The aim of this study was to evaluate the effect of acute exercise, as that performed in exercise stress testing during a myocardial perfusion scan, on VEGF plasma levels in chronic stable coronary patients and then to compare the effect of scheduled exercise with a control group.


The study included 21 patients<75 years, with stable coro-nary disease verified by angiography, previous infarction or positive perfusion studies of more than 6 months evolution, who had not participated in programmed exercise groups within the last 3 months.

After baseline evaluation, all patients underwent an exercise stress myocardial perfusion scan (ergometric test) with SPECT imaging. Subsequently, two randomized groups were formed: one with programmed exercise three times a week for 12 weeks and another that continued with standard medical treatment (control group).

Blood samples were obtained at baseline, during recovery, 30 minutes after exercise and at 1- and 3-month follow-up.

A commercial “Quantikine” (R&D, cat N° DVE00) kit, consisting of a sandwich enzyme immunoassay technique with an anti-human VEGF monoclonal antibody, was used for VEGF dosage. This technique allows VEGF dosage in concentrations ranging between 15.6 and 1000 pg/ml, with inter- and intra-assay coefficient of variation of about 5% and 8%, respectively.

The images obtained with 99m Tc-MIBI SPECT were analyzed in a 17-segment model, where each segment was assigned a score of 0=normal perfusion; 1=mild hypoperfu-sion; 2=moderate hypoperfusion; 3=severe hypoperfusion and 4=no perfusion. Resting score (RS), exercise score (ES) and difference or ischemia score (DS) were obtained. A DS≥2 was considered positive for ischemia.

Scheduled exercises were carried out in two weekly ses-sions in a rehabilitation center and a third session at the patient’s home.

statistical analysis

Categorical variables were expressed as frequency and percentage. Continuous variables were expressed as mean±standard deviation or standard error of the mean and median (interquartile range) according to their distribution.

The analysis of discrete variables was performed using the chi-square test and Fisher’s exact test as appropriate.

Continuous variables were compared using Student´s t test for two groups or the Kruskal-Wallis test according to their distribution. Intragroup continuous variables were compared using paired-t test. A p value<0.05 was consid-ered as statistically significant.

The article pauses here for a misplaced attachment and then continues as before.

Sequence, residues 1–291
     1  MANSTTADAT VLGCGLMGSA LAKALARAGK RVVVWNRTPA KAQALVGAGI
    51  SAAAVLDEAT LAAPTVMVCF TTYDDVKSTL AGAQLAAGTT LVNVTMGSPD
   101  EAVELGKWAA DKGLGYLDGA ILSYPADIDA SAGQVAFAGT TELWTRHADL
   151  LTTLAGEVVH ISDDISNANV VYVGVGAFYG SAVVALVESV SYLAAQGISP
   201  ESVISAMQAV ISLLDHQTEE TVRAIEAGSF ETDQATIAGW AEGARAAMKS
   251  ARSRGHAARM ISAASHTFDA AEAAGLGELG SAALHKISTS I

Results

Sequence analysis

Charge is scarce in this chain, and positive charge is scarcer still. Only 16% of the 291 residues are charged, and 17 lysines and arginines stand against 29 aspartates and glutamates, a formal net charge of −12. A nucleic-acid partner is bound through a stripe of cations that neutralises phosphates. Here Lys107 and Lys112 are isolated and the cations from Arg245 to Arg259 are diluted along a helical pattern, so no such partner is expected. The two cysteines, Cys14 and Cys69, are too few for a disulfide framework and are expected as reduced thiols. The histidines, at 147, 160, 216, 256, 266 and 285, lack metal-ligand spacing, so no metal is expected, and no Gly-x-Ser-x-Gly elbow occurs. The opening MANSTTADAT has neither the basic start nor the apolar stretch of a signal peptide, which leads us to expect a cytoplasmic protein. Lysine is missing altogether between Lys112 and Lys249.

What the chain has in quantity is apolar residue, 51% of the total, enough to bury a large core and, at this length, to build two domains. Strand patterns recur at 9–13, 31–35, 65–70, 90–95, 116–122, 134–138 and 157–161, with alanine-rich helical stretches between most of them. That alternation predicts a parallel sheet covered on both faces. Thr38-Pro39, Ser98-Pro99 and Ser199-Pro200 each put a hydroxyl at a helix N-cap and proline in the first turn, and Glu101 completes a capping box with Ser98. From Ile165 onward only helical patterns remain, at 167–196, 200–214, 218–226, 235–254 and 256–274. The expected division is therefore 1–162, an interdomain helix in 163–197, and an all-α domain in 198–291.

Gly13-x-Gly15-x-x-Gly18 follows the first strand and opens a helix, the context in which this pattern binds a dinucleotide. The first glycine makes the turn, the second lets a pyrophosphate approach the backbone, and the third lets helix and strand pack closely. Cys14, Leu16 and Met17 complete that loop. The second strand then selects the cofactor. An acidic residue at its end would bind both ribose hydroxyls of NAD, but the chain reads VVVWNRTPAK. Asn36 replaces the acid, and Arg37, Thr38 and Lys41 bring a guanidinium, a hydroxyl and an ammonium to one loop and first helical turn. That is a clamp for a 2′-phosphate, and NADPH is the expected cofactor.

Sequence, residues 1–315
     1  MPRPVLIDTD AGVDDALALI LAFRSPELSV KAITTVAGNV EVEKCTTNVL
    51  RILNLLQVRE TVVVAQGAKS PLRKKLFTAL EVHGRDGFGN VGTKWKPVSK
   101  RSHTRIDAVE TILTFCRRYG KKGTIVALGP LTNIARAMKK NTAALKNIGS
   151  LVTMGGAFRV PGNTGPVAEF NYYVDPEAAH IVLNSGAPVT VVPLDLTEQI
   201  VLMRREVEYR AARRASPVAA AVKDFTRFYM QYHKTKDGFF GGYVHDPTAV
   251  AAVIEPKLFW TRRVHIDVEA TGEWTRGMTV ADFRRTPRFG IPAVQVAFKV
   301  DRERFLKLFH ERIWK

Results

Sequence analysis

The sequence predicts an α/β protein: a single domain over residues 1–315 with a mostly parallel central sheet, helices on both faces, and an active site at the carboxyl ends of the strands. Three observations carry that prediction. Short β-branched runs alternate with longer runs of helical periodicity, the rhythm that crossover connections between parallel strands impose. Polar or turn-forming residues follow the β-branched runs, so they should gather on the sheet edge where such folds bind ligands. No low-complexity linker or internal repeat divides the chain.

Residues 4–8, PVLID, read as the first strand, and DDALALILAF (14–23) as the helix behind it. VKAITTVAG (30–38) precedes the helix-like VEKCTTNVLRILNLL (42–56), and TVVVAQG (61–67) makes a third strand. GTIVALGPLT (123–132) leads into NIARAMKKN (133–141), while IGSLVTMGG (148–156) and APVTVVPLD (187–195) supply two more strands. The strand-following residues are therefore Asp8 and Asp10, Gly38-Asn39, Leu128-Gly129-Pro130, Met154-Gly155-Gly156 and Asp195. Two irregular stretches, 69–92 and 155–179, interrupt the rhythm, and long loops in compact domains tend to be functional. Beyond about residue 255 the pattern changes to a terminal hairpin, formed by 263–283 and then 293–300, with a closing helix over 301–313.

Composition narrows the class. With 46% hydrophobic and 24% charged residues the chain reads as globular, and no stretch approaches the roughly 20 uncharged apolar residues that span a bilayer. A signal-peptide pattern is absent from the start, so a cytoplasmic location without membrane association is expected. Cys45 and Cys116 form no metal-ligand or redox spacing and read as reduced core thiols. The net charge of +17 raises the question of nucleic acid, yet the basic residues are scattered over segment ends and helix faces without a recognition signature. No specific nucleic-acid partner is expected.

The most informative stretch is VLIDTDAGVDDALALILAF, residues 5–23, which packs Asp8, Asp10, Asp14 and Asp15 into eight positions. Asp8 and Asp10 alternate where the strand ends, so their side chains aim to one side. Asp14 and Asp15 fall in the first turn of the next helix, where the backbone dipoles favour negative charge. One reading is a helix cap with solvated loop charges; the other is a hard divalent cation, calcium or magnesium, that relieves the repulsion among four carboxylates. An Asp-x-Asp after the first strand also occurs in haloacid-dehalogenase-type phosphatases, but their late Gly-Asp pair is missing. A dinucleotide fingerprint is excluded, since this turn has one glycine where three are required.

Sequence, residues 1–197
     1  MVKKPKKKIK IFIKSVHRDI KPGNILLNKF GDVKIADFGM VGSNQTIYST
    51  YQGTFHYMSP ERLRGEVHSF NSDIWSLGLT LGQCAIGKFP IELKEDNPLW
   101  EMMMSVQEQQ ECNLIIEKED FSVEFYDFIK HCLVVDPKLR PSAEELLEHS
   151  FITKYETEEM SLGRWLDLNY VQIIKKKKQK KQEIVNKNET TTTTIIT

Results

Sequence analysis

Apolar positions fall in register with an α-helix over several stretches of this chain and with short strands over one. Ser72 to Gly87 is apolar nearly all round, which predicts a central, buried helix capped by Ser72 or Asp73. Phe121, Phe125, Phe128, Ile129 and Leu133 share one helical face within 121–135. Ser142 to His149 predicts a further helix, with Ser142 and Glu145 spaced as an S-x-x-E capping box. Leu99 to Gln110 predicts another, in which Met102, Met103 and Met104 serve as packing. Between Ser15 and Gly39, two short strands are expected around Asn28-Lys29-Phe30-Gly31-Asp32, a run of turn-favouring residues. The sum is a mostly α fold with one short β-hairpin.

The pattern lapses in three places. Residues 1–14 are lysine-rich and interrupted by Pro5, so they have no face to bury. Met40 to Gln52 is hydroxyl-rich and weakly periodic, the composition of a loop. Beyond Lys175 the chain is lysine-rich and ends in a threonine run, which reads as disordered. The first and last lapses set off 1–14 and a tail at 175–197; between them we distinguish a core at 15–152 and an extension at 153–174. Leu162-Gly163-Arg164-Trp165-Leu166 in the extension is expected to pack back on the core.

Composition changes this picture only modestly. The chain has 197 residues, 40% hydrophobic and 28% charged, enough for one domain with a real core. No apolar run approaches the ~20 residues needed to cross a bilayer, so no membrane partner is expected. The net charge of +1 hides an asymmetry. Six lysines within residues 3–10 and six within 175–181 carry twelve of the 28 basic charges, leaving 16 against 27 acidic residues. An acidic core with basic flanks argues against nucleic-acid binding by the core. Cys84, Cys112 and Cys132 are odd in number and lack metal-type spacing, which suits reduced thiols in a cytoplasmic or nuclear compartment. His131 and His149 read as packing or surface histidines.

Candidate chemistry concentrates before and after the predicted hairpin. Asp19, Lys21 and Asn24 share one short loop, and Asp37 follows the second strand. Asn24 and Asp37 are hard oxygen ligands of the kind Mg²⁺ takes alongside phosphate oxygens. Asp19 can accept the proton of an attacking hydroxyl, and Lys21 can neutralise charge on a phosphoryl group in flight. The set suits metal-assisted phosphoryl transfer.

Ethical considerations

The protocol was approved by the institutional Research Ethics Committee and informed consent was obtained from

all participants.


Twenty-one patients were included in the study. Mean age was 62.5±7 years and 17 patients were men (80.9%). Risk factors were: hypertension in 17 patients (81.0%), diabetes in 2 (9.5%), dyslipidemia in 14 (66.7%) and smoking in 2 (9.5%). Eight patients had history of prior myocardial infarction (38.1%), 7 of angioplasty (33.3%) and 2 of previous surgery (9.5%).

Myocardial perfusion for ES and RS was 5 (0-11) and 0 (0-7.5), respectively. Nine patients had ischemia with a median DS of 4 (2-6), ES of 8 (5.5-19) and RS of 2 (0-16).

There was no difference in the result of exercise stress testing according to the presence of ischemia in the SPECT study. The maximum heart rate during ex-ercise was 120.3±16 bpm in patients with ischemia and 119.3±16 bpm in patients without ischemia (p=0.89).

Ten patients were assigned to programmed rehabilitation exercises and 11 to the control group.

VEGF results in acute exercise are summarized in Table 1. Gamma camera VEGF values after exercise stress decreased significantly (from 49.49±6.06 pg/ ml to 31.83±5.62 pg/ml, p=0.021). At 1 month, val-ues markedly increased compared to immediate post exercise stress results (70.90±14.44 pg/ml, p=0.007), with a non-significant trend relative to baseline values (p=0.10). At 3 months, a non-significant increase was observed with respect to baseline (p=0.12), with values similar to those measured at 1 month (Figure 1).